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Erik Trautman

“Everything you can imagine is real.”
-- Pablo Picasso

Canyonlands National Park

Tuesday morning I awoke bathed in sweat. We’d slept in after the full-moon photography of the night before and I’d bundled up pretty well to fight the evening chill. It didn’t take long, though, before the mercury began to rise once the sun had risen above the horizon. I was left tired and uncomfortable to greet the new day.

Despite that inauspicious start, my temperament quickly improved once we hit the road and began to push towards Canyonlands National Park. The park isn’t quite as close to Moab as Arches had been but it was still a very manageable hop to get there. The way began as a cross-desert trek through red dirt country and finished with long climbs among the layered cliffs and rounded domes and scraggly trees that make this part of the country unique.

Canyonlands National Park is really two different parks — the Needles and the Island in the Sky. The entrances are a long ways apart and they feature two very different looking geographies. We chose to visit only Island in the Sky because it was a much easier day trip from Moab and seemed to encompass the grandest views. I’ve seen needles country before as well (in the Black Hills) so the mystery was somewhat dispelled.

Our first stop was the Mesa Arch, one of the most prominently photographed arches in the world. It is particularly known for the views at sunrise, when the light hits its underside, painting it a bright orange, and perfectly frames the hundred-mile view through its middle. We arrived closer to midday and so missed that particular effect but enjoyed seeing it nonetheless. The sandstone at Canyonlands was lighter and more prone to breaking off in your hands than the red slickrock of Arches, so it made for a different style of arch than we’d seen the previous day.

The Island in the Sky is a massive multi-level mesa that looks out onto the Green River Basin, which was the major player in its formation. On the middle “white” level, roads from the 1950’s uranium mining operations can still be seen scarring the land. Beyond that, the actual river gorge sinks away and looks almost like an enormous dinosaur footprint. The view from Mesa Arch encompasses it all:

From Mesa Arch we rode all the way down to the end of the scenic drive and hiked out past Grand View Point. It’s a short hike but it’s full of interesting rocks and some killer views from the edge:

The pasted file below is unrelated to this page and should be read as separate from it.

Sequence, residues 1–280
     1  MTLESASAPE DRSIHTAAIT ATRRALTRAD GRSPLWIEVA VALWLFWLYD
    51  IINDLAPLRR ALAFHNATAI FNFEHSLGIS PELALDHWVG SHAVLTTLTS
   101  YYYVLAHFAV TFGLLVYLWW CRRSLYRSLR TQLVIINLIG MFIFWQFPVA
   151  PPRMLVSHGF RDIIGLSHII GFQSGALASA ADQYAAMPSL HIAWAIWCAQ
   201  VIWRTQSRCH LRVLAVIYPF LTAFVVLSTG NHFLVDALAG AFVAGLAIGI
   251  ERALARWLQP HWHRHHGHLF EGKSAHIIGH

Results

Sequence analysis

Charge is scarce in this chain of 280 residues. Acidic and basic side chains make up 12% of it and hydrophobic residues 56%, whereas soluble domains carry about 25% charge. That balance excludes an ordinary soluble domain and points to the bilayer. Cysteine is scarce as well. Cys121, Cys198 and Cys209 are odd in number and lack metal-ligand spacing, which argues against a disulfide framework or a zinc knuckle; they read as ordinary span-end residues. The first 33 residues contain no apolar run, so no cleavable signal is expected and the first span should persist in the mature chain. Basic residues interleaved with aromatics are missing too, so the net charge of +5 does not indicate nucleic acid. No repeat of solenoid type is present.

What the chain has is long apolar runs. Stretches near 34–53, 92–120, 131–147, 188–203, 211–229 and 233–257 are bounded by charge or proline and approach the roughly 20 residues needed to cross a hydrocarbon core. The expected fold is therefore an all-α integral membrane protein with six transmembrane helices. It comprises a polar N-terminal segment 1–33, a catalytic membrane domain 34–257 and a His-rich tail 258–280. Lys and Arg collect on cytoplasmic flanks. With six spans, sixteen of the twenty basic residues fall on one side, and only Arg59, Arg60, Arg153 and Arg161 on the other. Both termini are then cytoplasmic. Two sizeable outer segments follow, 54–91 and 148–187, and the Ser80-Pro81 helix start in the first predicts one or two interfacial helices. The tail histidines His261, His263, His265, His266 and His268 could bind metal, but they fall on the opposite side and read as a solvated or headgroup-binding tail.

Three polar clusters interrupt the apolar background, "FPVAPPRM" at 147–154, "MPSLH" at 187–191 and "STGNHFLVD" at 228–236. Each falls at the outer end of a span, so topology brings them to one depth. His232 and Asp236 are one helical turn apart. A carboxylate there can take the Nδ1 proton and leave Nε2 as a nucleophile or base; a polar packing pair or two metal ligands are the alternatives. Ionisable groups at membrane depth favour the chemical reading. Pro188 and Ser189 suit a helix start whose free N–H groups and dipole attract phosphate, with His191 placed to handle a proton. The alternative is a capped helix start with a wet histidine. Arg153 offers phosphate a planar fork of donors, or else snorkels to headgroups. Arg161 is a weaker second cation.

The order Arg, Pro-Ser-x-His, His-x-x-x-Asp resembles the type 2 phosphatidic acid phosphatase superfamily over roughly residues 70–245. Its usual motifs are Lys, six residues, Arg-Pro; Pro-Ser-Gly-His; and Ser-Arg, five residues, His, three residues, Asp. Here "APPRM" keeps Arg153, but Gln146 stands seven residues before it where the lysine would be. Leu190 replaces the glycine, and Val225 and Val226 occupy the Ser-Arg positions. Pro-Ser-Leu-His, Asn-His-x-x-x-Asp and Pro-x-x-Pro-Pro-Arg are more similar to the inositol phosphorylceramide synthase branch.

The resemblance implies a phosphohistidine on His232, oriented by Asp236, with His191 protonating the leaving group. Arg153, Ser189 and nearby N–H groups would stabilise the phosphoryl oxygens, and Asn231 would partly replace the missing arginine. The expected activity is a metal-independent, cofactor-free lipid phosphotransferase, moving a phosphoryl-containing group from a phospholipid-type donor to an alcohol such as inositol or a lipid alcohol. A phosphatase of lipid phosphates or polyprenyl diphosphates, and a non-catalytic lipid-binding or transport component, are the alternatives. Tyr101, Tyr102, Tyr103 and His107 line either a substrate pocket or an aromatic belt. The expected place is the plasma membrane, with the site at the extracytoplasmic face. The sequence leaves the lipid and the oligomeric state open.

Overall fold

Nearly hidden among the grand vistas, there was one little tiny zen tree that managed to cling to a ledge. We were told in the visitor’s center that often plants at elevation were somewhat smaller versions of their lower level cousins. This little fellow wasn’t more than a foot tall:

We rode back past a number of different overlooks and short trails but the one that stood out was the Upheaval Dome. The pathway ended with an overlook to a basin with all kinds of unusual mineral formations at the bottom. There was also no clear indication of how it had been created.

One school of thought is that a meteor struck the area during the Jurassic Period and caused the crater and the odd splash of rock in its center. The other theory is that an underground salt dome became compressed by the weight of the surrounding plateaus and squirted upwards. Perhaps it was both.

Our day at Canyonlands was a slow and contemplative one. We spent a lot of time just sitting at the edge of the cliffs and soaking in the views and the sound of the wind gusting through the canyons. As the afternoon progressed towards sunset, we found one last view before turning around and heading back to Moab:

After such a solid day of exploring, it only made sense that we would find some relaxation in town that evening. We hitchhiked from the campsite to the Moab Brewery and enjoyed a sampling of beers with some awesome food. Their triple tip steak with BBQ sauce and jalapeno cheese fries was almost as much of a home run as their signature lager. Despite being surrounded by so much temptation, we held back and returned home at a reasonable hour. After two days of just doing short trips, the following promised a long re-introduction to our saddles and we wanted to be fresh as we headed south into Arizona to visit the Grand Canyon.